First author interviews
BiO is keen to support the next generation of biomedical scientists. The first authors of accepted articles now have the opportunity to talk about themselves and their research in more detail. In these popular ‘First person’ interviews, early-career researchers talk about their work in and out of the lab, the journeys that led them to where they are now and the issues they feel are priorities for early-career researchers.
Issue 1 of 2018 was the first issue of BiO to be published under the continuous publication model. BiO has long posted peer-reviewed author manuscripts soon after acceptance. Now, the final version of the article is immediately published online, rather than waiting for the other articles in the issue to be completed, resulting in faster, free access to the article for our international community of readers. Our continuous publication issues reported an average of 33 days (median 31 days) between article acceptance and publication of the final version (compared with 38 days in 2017).
Readers should consider reviewing their BiO alert options, to ensure that they are receiving the content alerts they need, when they need them.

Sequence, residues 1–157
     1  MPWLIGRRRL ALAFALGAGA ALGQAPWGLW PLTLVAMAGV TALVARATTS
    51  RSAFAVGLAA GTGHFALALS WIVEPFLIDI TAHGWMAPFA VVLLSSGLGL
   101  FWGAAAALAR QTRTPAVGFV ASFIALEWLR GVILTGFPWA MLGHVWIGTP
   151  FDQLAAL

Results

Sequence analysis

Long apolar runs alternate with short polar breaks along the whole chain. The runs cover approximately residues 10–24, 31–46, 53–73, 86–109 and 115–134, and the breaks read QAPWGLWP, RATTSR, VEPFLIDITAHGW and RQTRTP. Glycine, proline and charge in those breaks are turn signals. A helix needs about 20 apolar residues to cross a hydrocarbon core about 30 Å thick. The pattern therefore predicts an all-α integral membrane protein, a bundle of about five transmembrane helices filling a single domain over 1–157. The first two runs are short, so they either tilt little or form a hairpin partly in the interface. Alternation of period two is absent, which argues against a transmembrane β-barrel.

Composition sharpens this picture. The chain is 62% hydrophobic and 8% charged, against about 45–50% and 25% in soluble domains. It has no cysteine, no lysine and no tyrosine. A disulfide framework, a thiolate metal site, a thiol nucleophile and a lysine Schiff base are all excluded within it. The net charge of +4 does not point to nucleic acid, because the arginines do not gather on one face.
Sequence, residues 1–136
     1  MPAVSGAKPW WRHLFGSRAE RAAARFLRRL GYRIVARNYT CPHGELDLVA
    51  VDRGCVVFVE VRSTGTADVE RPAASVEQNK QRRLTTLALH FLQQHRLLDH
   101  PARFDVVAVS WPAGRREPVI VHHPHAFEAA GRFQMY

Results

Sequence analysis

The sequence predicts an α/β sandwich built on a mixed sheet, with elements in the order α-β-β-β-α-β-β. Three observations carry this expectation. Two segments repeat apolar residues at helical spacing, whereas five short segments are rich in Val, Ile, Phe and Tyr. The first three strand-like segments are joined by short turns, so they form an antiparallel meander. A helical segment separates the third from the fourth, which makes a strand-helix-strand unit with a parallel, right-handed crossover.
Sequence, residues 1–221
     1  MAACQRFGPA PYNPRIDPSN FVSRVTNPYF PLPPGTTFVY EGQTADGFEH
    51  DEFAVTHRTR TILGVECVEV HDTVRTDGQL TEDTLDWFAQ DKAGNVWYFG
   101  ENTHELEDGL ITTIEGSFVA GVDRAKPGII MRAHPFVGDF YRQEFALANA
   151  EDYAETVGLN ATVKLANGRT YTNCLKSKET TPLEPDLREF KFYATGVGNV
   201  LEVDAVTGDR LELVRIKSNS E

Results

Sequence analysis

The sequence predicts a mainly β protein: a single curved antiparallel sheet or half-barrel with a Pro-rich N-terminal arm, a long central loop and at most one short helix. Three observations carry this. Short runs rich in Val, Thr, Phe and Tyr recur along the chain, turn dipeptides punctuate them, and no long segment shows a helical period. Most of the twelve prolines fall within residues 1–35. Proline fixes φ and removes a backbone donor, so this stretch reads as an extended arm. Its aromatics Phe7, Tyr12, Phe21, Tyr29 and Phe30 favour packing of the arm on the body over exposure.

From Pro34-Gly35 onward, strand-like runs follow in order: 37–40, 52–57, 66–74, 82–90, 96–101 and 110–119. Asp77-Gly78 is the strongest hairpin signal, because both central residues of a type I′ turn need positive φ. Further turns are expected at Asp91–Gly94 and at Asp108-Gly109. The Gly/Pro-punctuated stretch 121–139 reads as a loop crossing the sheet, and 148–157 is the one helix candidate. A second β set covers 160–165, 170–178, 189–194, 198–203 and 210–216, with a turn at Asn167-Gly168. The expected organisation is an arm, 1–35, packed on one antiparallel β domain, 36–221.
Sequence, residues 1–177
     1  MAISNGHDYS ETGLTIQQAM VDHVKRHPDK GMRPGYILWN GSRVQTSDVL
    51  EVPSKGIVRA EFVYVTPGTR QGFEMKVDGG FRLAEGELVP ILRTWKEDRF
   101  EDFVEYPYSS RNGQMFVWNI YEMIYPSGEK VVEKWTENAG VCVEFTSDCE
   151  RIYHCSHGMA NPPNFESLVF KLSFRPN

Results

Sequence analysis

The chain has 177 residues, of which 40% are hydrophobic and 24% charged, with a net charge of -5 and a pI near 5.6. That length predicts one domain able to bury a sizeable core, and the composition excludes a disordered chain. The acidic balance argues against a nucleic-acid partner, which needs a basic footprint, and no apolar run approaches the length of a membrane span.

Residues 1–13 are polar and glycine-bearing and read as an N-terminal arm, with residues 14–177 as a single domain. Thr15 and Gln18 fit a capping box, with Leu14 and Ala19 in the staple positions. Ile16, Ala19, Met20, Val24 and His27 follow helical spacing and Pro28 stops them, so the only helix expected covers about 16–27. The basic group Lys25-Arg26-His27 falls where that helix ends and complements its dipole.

BiO articles now feature play-in-place movies in the full-text online version of its articles. This makes videos an integral part of any article, making it easier and quicker for readers to access this type of content (see our play-in-place dolphin movies).
Preprint-friendly policies and preLights
BiO has had preprint-friendly policies since launch and, beginning in 2016, has had a two-way portal between BiO and bioRxiv so that authors submitting to BiO can simultaneously deposit their article in bioRxiv, and vice versa.
In February 2018, The Company of Biologists, the publisher of BiO, launched preLights, a new preprint highlighting service, run by the biological community.